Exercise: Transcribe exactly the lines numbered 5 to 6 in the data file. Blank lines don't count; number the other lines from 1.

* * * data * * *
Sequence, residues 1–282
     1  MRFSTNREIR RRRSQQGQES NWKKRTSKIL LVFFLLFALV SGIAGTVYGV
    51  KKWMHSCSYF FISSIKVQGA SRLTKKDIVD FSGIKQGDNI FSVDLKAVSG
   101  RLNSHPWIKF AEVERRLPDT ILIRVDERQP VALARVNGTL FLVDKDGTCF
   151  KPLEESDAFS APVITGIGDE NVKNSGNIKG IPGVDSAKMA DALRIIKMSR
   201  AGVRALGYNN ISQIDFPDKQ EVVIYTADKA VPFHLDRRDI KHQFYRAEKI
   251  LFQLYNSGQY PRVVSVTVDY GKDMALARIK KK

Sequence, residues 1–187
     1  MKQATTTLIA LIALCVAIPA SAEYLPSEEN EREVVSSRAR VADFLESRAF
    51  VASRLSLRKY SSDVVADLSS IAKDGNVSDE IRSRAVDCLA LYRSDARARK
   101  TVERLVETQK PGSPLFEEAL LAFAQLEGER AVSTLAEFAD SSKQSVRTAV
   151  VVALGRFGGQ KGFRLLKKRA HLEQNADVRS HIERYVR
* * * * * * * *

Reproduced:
   151  KPLEESDAFS APVITGIGDE NVKNSGNIKG IPGVDSAKMA DALRIIKMSR
   201  AGVRALGYNN ISQIDFPDKQ EVVIYTADKA VPFHLDRRDI KHQFYRAEKI